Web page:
This decision provides certainty for the 2021 growing season, the agency said
By Diego Flammini
U.S. cash crop producers will be able to use important crop protection products for the 2021 growing season.
On Oct. 27, the Environmental Protection Agency (EPA) approved new five-year registrations for two over-the-top dicamba products – XtendiMax with VaporGrip Technology and Engenia Herbicide.
In addition, the EPA extended the registration for Tavium Plus VaporGrip Technology.
These registrations are only for use on dicamba-tolerant cotton and soybeans. They will expire in 2025.
“With today’s decision, farmers now have the certainty they need to make plans for their 2021 growing season,” EPA Administrator Andrew Wheeler said in a statement. “After reviewing substantial amounts of new information, conducting scientific assessments based on the best available science, and carefully considering input from stakeholders, we have reached a resolution that is good for our farmers and our environment.”
With the EPA decision come some additional rules farmers must follow when applying dicamba.
Some of the new rules require that producers must
- tank mix an approved volatility reduction agent with dicamba products
- maintain a downwind buffer of 240 feet between the last treated row and the downwind field edge
- not apply dicamba on soybeans after June 30 or up to R1, whichever comes first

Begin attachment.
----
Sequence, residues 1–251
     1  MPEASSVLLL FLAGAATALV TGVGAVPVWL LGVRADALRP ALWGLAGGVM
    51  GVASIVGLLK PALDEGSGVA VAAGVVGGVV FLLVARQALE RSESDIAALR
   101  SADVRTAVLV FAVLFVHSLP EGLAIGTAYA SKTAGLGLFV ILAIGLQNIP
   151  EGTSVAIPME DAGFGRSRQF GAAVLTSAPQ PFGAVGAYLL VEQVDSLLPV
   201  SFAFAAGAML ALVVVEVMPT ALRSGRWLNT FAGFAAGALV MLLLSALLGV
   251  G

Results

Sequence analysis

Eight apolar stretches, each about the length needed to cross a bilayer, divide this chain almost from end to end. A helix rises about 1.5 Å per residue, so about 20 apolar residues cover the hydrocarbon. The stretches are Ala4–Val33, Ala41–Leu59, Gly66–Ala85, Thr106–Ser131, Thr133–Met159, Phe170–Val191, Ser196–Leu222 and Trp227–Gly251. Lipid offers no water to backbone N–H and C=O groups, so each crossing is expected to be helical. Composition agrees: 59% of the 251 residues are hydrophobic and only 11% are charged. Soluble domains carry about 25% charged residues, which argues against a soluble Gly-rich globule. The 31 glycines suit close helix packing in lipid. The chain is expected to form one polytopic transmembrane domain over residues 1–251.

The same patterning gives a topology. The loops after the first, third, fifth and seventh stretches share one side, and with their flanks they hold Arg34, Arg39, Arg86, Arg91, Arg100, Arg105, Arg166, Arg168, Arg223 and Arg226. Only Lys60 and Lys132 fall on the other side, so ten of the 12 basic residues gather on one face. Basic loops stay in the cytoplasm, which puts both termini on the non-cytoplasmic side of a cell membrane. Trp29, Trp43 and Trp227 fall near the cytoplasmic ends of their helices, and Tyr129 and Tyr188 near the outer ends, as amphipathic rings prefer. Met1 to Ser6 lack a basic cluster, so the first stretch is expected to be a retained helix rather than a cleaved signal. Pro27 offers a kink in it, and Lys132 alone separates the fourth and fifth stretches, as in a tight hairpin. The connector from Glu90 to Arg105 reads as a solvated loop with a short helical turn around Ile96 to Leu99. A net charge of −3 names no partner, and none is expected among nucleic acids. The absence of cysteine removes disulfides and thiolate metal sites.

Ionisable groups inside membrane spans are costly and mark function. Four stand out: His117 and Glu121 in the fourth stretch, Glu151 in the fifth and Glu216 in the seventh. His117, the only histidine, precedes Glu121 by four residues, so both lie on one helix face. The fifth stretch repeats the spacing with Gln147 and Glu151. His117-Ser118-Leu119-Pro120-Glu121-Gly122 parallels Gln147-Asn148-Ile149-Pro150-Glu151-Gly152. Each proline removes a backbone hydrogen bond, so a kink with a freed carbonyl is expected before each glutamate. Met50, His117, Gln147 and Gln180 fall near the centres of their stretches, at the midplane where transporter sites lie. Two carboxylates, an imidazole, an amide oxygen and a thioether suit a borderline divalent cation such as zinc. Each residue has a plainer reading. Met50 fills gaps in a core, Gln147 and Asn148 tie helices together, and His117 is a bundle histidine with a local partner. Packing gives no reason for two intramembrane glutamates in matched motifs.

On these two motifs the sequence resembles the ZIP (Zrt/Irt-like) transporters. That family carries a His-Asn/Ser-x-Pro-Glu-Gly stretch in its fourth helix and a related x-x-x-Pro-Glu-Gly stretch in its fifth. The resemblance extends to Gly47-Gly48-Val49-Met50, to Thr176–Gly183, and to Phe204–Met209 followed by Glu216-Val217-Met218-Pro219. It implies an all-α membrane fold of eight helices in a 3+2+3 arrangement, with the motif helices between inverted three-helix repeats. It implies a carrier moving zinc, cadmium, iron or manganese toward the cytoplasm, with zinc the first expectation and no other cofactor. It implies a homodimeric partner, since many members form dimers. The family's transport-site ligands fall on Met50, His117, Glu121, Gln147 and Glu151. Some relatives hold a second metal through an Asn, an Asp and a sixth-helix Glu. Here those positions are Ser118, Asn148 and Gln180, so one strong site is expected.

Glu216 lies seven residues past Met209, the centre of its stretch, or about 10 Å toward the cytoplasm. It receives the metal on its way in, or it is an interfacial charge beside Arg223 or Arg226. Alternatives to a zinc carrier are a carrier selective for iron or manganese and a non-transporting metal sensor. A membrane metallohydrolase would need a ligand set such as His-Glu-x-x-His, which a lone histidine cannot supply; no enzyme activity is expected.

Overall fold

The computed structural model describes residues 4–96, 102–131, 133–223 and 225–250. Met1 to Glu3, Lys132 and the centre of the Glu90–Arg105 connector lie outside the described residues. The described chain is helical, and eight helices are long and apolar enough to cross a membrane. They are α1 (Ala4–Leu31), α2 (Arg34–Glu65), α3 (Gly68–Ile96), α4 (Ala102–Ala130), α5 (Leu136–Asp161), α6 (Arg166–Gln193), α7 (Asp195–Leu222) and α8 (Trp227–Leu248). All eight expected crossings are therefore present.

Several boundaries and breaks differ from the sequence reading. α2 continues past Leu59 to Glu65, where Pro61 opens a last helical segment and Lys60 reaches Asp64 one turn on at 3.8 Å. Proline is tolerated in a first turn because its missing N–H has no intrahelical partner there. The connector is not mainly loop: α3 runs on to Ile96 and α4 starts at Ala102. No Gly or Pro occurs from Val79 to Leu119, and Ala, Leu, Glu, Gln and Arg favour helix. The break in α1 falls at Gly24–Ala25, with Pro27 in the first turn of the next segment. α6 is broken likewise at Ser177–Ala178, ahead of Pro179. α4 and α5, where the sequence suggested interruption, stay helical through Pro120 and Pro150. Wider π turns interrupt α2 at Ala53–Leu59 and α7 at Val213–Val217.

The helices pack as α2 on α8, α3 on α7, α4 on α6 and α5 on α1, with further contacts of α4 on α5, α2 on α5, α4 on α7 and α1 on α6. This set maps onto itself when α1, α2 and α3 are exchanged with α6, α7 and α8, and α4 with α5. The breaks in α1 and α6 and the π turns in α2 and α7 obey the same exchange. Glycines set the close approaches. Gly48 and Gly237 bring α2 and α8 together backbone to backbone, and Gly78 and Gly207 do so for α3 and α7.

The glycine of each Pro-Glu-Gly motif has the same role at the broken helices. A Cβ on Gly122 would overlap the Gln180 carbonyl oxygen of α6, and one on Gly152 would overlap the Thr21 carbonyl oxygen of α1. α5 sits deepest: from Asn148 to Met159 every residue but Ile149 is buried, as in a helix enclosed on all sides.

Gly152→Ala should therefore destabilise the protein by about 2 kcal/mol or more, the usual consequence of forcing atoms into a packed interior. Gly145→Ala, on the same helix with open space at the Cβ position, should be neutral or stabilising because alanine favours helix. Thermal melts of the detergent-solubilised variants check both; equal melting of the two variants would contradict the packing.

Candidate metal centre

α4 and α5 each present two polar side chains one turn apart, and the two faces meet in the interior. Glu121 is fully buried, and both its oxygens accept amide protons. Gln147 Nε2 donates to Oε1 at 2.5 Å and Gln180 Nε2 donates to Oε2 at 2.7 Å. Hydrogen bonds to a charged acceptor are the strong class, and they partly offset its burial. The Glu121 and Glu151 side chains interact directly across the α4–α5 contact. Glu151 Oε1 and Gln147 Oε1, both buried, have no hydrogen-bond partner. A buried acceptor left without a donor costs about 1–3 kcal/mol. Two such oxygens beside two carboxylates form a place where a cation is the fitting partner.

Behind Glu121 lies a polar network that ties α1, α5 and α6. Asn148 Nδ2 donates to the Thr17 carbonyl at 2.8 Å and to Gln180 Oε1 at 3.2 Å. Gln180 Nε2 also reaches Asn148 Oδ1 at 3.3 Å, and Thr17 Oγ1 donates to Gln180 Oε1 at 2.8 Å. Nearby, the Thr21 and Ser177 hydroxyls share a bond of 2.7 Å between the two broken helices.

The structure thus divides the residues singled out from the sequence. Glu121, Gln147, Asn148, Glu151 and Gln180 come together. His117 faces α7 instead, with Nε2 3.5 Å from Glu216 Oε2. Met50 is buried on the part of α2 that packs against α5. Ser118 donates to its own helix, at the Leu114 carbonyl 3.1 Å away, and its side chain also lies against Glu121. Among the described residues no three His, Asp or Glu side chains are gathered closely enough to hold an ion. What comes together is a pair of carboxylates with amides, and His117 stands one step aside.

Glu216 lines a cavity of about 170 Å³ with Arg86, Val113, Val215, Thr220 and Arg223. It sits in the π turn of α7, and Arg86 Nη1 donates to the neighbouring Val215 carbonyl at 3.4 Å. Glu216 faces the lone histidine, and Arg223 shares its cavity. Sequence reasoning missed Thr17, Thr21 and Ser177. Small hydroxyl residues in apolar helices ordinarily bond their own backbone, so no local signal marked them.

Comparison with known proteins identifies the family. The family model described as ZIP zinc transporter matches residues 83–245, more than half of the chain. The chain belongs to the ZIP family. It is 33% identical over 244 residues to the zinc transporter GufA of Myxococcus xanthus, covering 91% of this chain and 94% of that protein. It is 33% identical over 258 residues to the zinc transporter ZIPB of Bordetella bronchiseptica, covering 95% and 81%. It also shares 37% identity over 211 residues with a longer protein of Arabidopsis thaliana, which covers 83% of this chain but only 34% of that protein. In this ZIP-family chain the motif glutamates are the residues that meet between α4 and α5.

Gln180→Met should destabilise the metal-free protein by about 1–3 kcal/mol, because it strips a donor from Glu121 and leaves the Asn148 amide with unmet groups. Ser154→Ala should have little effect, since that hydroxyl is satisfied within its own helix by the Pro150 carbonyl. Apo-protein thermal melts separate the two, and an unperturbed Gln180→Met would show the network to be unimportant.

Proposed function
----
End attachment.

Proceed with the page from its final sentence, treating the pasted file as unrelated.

It’s important to note Engenia doesn’t have the R1 cutoff.
Industry groups welcomed the EPA’s decision.
“We rely in great part on EPA support for the continued success of our industry, from measures encouraging biodiesel market expansion to these types of decisions regarding safe and effective use of crop protection tools,” Bill Gordon, president of the American Soybean Association, said in a statement. “We thank EPA today for the many steps and time invested in coming to this decision to reregister a product relied upon by many soy growers.”
Lawmakers did too.
“I appreciate (EPA Administrator Wheeler’s) announcement to provide certainty to ag producers and others; the flexibilities provided for growers by states will be important as producers prepare to use dicamba for the 2021 planting and growing season,” said Pat Roberts, chairman of the Senate ag committee.